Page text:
As I pick up my son's blocks from the living room floor for the 73rd time, I remind myself that in some long-ago preindustrial agrarian society, women got satisfaction, pride, even status, from doing housework and doing it well. While they churned butter and made cheese, I gather red and yellow and blue hunks of wood. They wove and spun flax, while I try desperately to fold my bottom sheets so they lie as flat and perfect as those in my mother's linen closet. But every minute I spend block-gathering in the morning before work means I arrive at the babysitter's, and thus at my office, that many minutes later. And each second of the evening that I devote to sheet-folding is a second less for the work I swore I'd do after dinner.
Where, I find myself wondering, is it written that mundane household tasks inevitably fall to the female half of a couple? Ever since sociologist Arlie Russell Hochschild published her groundbreaking book The Second Shift in 1989, it has become increasingly common knowledge that in households where women work full-time jobs and earn full-time paychecks, they still do the vast majority of the cooking, cleaning, and childcare. We could blame men for being couch potatoes or for clinging to male privilege—but at least one observer suggests that women are the ones holding on.
George Washington University law professor Naomi Cahn says that many of us don't actually want to rid ourselves of our time-honored duties, that consciously or not we discourage our spouses from sharing the burden—a practice sociologists refer to as gatekeeping. Popping last night's leftovers in the microwave and scheduling endless kiddie doctor appointments may be a far cry from that beautiful old butter churn, but it's one of the ways our identities as women, and as mothers, is reinforced.
"Powerful force fields" drive men and women to their age-old corners, according to Joan Williams, author of Unbending Gender: Why Family and Work Conflict and What to Do About It. "There are intense pressures on men to perform as breadwinners and on women to perform as mothers. Women have been held up to the gold standard, which is the full-time stay-at-home mother," she says. Most working women with children layer their caregiving role on top of their moneymaking jobs. This double shift adds up to a frazzled life—as well as fewer raises, bypassed opportunities, and lost promotions. We can't perform at peak levels on the job if we're forever sitting on hold with the pediatrician or leaving the office at the end of the day to skirmish with the dust balls lurking under the couch.
Our society expects a great many hours from its workers—with no time off for kids' sick days, school closings, or car trips to Girl Scouts and soccer games. Although a revolt against this time-leaching workplace has begun (Juliet B. Schor, in her book The Overworked American, makes a case against the ever increasing number of hours we devote to the office), the fact remains, at least for now: Women who soar on the job are not going to be those who cling to their traditional tasks at home. So if soaring is what you want to do, you might look at whether you're contributing to the imbalance of power on the home front.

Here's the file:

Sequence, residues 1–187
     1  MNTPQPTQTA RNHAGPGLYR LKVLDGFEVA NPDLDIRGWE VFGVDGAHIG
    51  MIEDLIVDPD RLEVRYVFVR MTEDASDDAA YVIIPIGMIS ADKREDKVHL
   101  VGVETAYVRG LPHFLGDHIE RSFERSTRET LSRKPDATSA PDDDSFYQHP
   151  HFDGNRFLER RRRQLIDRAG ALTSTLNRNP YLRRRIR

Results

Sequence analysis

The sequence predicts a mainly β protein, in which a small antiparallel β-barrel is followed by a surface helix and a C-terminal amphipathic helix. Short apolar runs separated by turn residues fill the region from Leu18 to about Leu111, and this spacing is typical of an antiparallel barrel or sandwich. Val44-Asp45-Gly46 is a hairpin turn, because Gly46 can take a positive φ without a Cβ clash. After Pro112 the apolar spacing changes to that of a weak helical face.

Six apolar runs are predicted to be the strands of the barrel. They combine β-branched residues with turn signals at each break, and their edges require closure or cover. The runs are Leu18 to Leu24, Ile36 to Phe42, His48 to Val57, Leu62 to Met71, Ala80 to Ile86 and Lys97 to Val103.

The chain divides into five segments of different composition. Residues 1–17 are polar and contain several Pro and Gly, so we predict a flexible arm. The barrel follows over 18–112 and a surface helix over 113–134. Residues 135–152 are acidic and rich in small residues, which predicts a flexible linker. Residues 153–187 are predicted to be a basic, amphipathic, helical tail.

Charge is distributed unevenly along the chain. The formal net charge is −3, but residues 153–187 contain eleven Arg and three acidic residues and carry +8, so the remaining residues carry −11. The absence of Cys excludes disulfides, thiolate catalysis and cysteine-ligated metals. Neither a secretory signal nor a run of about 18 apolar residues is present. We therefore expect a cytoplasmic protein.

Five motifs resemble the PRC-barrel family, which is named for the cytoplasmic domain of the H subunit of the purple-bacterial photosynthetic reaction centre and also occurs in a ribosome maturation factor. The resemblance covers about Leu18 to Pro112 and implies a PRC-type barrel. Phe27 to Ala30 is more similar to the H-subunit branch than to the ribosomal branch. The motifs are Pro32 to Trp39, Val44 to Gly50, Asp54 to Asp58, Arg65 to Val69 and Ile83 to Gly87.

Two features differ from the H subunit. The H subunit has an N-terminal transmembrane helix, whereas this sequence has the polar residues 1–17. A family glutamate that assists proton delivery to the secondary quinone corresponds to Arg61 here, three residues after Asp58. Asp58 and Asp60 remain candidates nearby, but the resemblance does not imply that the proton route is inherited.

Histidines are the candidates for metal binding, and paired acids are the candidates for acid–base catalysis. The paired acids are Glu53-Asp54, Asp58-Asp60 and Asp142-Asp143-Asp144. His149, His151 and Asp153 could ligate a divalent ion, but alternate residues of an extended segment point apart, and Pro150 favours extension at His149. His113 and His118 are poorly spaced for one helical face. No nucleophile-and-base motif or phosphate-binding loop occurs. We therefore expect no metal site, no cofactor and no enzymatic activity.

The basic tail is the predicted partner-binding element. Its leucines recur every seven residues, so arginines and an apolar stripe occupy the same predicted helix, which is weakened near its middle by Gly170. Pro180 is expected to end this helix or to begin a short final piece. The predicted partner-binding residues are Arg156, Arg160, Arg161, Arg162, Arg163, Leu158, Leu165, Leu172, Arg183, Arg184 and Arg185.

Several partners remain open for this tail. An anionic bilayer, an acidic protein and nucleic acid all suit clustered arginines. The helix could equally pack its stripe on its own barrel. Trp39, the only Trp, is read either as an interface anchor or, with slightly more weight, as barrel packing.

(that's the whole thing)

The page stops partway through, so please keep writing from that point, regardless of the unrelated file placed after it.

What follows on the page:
If your spouse plays lip service to the idea of sharing the household burdens but doesn't actually take them on, ask yourself a few pointed questions. Do you feel you'd be a bad mother/wife/ girlfriend if you didn't (a) do all the grocery shopping, (b) pack the kids' lunch, (c) keep track of all play dates, and (d) make 95 percent of all social plans? Where does this feeling come from? Did your mother do these things? Does your partner expect it? Are you aware of which jobs you don't mind doing and which you resent? And, finally, are you ready to share both the burden and the power?
If you decide that you are, sit down with your partner for an honest discussion. This may seem an obvious move, but the first step to solving a problem is identifying it, or, as Joan Williams says, "making it visible." And in order to talk about it, you have to take it seriously. Perhaps most important, you must believe that household tasks do not naturally fall to you if you want your partner to believe the same.
Realize you may have to change your standards of how things are done in your home. (I try not to think of this as lowering them.) I keep telling myself that no edict from on high says my sheets must lie folded precisely in the linen closet. My husband may need to work on his folding technique, but I need to work on my expectations. And even if he doesn't dress our child in what I consider the "right" clothes or clean the bathroom in the "proper" manner, I've got to let him do it his way.
We Hear You!